Inside the mind of Patrik-Ian Polk
The ‘Blackbird’ director speaks on Pride, HIV, and absent divas
The name Patrik-Ian Polk is synonymous with black gay cinema. A skilled and fearless filmmaker, his independent films have stirred up conversation and controversy. Polk became widely known for his groundbreaking LOGO television series “Noah’s Arc” and a list of films, that includes; “Punks,” “The Skinny,” “Noah’s Arc: Jumping The Broom,” and his most recent film adaptation of the Larry Duplechan novel “Blackbird,” starring Oscar-winner Mo’Nique, all of which have cemented his place as a gay trailblazer.
Georgia Voice caught up with Polk ahead of his scheduled appearance at the Atlanta Black Pride Welcome Reception.
Georgia Voice: Patrik, you’ve attended Atlanta Black Gay Pride in the past. What keeps you coming back?
PIP: At this point, I really associate Pride celebrations with work. When I do attend, I’m usually promoting a new film project. This time around is a little more special, since we are doing an event with the CDC to promote HIV testing and awareness and the PSA campaign I directed with the “Real Housewives of Atlanta” and “Fashion Queens.”
Have you had any interesting or memorable experiences with fans during ATL Black Gay Pride?
The most memorable events were the ones I attended with my cast members, especially during the “Noah’s Arc” heyday. But I can say it’s always nice to hear from fans of my work. I meet so many gay men, young and old, who are diehard “Noah” fans. Kids in their late teens and early 20’s who used to hide in the closet and watch the show. It means a lot to me that my work has been a positive force for a lot of gay black men.
Why did you decide to take on the CDC HIV/AIDS PSA?
I’ve been working on this project with the CDC for almost two years. We all know the statistics by now- as many as 45 percent of gay black men in this country may be HIV positive. And those numbers continue to grow. My initial pitch to the CDC was to feature a major celebrity of importance to the GBM community- to use their popularity to more effectively deliver HIV messaging to gay black men. After approaching a host of major black female celebs we were unable to find one who’d agree to appear in our campaign. Every single one of them said ‘no’. I was incredibly disheartened that not one of these dozen or so A-list black celebrity females was willing to stand up, on camera and appeal to their gay black fans about their health and well-being. We’re fine to dust your face, beat your wig, deck you out in the latest red carpet fashions, but when it comes to engaging with us on a meaningful level such as HIV awareness, I got crickets.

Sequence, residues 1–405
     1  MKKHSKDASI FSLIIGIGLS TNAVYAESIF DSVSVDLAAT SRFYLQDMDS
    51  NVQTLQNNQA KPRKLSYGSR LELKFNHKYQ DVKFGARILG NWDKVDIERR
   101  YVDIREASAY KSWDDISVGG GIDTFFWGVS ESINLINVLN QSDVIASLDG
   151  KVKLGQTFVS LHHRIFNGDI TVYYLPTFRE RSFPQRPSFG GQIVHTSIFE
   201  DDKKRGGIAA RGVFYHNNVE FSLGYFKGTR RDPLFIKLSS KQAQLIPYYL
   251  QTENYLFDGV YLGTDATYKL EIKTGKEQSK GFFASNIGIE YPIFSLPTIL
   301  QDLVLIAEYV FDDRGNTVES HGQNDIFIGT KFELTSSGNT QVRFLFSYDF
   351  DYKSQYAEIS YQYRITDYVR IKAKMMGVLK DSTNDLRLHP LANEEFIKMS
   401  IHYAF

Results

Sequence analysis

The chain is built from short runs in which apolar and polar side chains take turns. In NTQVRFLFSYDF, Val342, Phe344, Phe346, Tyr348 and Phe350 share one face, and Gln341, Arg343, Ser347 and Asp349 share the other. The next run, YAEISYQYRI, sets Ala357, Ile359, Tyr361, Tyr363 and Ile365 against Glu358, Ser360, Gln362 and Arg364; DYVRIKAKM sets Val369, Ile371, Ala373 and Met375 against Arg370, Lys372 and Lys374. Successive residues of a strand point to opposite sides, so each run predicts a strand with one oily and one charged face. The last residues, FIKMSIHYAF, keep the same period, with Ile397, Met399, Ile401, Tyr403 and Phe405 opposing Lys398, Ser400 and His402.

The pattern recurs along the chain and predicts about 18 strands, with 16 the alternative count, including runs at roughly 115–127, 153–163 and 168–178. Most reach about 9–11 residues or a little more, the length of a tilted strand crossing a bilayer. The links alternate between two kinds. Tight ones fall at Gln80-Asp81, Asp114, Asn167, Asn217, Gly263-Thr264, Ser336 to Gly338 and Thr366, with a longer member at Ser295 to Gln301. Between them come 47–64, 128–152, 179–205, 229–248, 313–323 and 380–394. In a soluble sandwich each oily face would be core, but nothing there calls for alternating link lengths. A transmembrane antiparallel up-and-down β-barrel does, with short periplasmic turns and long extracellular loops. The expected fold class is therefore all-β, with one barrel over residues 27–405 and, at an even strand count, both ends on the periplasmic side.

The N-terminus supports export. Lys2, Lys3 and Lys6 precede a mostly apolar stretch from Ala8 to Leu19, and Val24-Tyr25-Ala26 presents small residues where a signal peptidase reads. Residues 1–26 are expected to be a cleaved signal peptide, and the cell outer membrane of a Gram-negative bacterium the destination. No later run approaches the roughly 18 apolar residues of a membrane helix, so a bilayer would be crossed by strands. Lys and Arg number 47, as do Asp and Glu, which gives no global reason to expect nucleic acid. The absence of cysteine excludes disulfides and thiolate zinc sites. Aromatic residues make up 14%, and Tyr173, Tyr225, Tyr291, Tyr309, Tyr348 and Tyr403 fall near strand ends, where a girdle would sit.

But I’m a lateral thinker, so I kept pushing. And I noticed my twitter feed was full of RHOA tweets every Sunday night. It was clear that RHOA and its cast members were extremely popular, especially among gay black men. So I reached out to my friends Kenya Moore, and “Fashion Queens” stars Derek J and Miss Lawrence- they all agreed to be in the PSA and they also helped connect me to Claudia Jordan and Cynthia Bailey. The RHOA cast gets a lot of flack and negative press, but they are brave heroines in my eyes.
Marriage equality is now legal nationwide. You portrayed a same-sex marriage on “Noah’s Arc” well before it was legal in most states. Why was it important for you to show two black gay characters making that commitment?
I made “Noah’s Arc” simply because I wanted to see gay black men on television. I also wanted to see black gay men loving other black gay men on television. And I figured if no one else is gonna show this, then I guess I’ll have to do it. You look at television today and we’re still not there. Every gay black character on a current scripted television series has a non-black boyfriend, husband or lover. We draw a lot of life lessons and inspiration from pop culture, so the fact that young black gay kids grow up never seeing images of themselves loving other black men is a big problem.
Why was it important for you to bring your recent film “Blackbird” to the screen?
I’ve wanted to make this movie since I was a freshman in college when I discovered Lar- ry Duplechan’s brilliant coming-of-age novel. We haven’t had a lot of black gay coming-ofage films, especially with a religious theme. So I’m glad the film lives now and people everywhere can see it on iTunes and Netflix.
What can fans expect from your next project?
I wrote and directed an episode of a new series produced by MTV for Netflix called “We Are Lovers.” That’ll be out next year. And the “Blackbird” soundtrack comes out later this month. Beyond that, you’ll have to wait and see. I wait until something’s ready before I start bumping my gums about it.
“We’re fine to dust your face, beat your wig, deck you out in the latest red carpet fashions, but when it comes to engaging with us on a meaningful level such as HIV awareness, I got crickets.”
—Patrik-Ian Polk, filmmaker